Absorption is defined as the direct conversion of the sound energy into heat. In other words, ultrasound scanning generates heat in the tissue. Higher frequencies are absorbed at a greater rate than lower frequencies. However, a higher scanning frequency gives better axial resolution. If the ultrasound penetration is not sufficient to visualize the structures of interest, a lower frequency is selected to increase the penetration. The use of longer wavelengths (lower frequency) results in lower resolution because the resolution of ultrasound imaging is proportional to the wavelength of the imaging wave. Frequencies between 6 and 12 MHz typically yield adequate resolution for imaging in peripheral nerve blockade, whereas frequencies between 2 and 5 MHz are usually needed for imaging of neuraxial structures. Frequencies of less than 2 MHz or higher than 15 MHz are rarely used because of insufficient resolution or the insufficient penetration depth in most clinical applications.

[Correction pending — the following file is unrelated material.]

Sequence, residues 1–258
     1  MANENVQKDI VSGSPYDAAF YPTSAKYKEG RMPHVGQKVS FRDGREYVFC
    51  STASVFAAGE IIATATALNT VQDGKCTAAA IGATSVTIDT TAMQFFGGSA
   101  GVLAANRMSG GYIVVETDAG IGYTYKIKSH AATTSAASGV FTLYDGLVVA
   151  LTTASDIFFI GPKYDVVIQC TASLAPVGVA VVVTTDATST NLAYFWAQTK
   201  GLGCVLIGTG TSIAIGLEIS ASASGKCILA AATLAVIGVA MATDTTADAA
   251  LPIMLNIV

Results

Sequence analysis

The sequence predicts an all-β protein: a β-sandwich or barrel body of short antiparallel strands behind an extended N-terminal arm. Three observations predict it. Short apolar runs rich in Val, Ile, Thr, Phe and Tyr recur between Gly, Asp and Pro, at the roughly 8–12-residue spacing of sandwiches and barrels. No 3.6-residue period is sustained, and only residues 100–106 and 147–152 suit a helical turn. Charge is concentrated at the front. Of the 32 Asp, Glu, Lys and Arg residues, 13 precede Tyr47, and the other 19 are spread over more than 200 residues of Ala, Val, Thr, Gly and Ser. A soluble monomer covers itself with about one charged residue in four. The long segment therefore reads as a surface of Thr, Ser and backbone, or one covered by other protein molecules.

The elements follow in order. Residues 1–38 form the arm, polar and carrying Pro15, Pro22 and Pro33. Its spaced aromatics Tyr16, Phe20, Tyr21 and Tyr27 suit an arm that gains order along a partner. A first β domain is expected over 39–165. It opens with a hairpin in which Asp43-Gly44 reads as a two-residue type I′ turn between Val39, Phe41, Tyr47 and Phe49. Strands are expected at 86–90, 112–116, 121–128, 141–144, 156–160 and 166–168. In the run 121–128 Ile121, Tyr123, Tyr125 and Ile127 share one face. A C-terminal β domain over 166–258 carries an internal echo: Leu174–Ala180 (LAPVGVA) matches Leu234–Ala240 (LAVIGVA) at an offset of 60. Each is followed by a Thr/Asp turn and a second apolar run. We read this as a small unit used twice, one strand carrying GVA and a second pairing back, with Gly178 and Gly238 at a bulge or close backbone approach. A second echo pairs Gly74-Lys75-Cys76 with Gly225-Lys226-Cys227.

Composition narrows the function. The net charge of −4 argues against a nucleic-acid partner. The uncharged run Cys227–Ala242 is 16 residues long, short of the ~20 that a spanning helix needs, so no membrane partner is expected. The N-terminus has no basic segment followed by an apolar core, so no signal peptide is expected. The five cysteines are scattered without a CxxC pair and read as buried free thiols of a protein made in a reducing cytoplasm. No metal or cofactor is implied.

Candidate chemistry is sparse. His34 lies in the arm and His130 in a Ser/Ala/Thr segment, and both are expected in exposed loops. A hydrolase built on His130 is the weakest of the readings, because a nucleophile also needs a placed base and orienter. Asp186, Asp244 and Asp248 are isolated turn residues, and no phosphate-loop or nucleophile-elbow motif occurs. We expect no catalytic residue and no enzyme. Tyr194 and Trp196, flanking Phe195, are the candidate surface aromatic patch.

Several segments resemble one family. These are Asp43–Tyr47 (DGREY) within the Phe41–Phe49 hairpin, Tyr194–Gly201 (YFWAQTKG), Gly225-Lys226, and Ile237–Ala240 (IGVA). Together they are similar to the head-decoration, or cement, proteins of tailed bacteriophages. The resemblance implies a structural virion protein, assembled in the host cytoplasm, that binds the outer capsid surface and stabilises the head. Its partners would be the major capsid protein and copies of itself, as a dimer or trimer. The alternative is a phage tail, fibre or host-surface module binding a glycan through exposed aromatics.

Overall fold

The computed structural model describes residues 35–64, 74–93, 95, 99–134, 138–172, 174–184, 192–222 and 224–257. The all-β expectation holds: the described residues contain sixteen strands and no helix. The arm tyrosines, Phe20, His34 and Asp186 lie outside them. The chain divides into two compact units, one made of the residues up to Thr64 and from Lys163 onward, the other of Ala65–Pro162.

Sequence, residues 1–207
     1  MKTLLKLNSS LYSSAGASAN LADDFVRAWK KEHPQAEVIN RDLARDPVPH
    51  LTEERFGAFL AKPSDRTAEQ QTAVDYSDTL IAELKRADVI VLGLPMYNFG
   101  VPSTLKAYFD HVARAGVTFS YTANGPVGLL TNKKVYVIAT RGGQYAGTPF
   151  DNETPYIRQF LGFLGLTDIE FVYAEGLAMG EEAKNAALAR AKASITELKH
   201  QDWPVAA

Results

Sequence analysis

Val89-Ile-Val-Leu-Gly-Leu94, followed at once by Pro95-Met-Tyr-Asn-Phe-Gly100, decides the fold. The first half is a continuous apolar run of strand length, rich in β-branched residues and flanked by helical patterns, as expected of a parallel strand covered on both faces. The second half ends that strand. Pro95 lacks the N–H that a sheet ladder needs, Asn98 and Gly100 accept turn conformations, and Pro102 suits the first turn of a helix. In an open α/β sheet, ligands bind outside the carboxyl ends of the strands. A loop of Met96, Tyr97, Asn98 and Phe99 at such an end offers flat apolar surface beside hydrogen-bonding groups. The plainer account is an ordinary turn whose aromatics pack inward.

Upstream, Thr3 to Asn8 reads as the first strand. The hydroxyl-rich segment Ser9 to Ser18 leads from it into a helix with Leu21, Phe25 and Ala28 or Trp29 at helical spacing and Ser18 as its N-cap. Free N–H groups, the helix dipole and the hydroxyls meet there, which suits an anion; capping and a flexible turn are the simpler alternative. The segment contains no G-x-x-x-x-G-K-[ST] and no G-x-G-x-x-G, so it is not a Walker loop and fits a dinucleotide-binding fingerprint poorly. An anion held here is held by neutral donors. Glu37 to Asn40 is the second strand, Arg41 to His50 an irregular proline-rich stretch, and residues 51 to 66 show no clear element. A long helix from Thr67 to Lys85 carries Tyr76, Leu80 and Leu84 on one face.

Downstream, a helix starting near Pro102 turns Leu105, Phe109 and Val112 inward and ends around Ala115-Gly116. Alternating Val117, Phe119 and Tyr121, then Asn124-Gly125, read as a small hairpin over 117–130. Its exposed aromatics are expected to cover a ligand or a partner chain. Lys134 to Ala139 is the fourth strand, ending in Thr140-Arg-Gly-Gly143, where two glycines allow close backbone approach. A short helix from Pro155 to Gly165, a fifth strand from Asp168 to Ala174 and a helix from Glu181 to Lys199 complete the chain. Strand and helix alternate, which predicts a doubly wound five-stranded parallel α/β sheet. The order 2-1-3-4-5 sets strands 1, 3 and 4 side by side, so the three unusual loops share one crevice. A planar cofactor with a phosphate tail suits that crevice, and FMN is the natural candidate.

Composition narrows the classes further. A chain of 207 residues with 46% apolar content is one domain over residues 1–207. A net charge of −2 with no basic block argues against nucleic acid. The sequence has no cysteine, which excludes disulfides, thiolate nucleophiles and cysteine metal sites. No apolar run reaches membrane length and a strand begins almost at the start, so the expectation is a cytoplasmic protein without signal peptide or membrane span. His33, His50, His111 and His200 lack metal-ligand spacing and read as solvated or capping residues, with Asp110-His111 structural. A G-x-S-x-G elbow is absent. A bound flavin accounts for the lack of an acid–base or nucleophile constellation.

The A-mode is the oldest ultrasound technique and was invented in 1930.14 The transducer sends a single pulse of ultrasound into the medium. Consequently, a one-dimensional simplest ultrasound image is created on which a series of vertical peaks is generated after ultrasound beams encounter the boundary of the different tissue. The distance between the echoed spikes (Figure 28–8) can be calculated by dividing the speed of ultrasound in the tissue (1540 m/s) by half the elapsed time, but it provides little information on the spatial relationship of imaged structures. Therefore, A-mode ultrasound is not applicable in regional anesthesia.
The A-mode of ultrasound consists of a one-dimensional ultrasound image displayed as a series of vertical peaks corresponding to the depth of structures the ultrasound encounters in different tissues. (Reproduced with permission from Hadzic A: Hadzic’s Peripheral Nerve Blocks and Anatomy for Ultrasound-Guided Regional Anesthesia, 2nd ed. New York: McGraw-Hill, Inc; 2011.)
The B-mode is a two-dimensional (2D) image of the area that is simultaneously scanned by a linear array of 100–300 piezoelectric elements rather than a single one as in A-mode (Figure 28–9). The amplitude of the echo from a series of A-scans is converted into dots of different brightness in B-mode imaging. The horizontal and vertical directions represent real distances in tissue, whereas the intensity of the grayscale indicates echo strength (Figure 28–10). B-mode can provide an image of a cross section through the area of interest, and it is the primary mode currently used in regional anesthesia.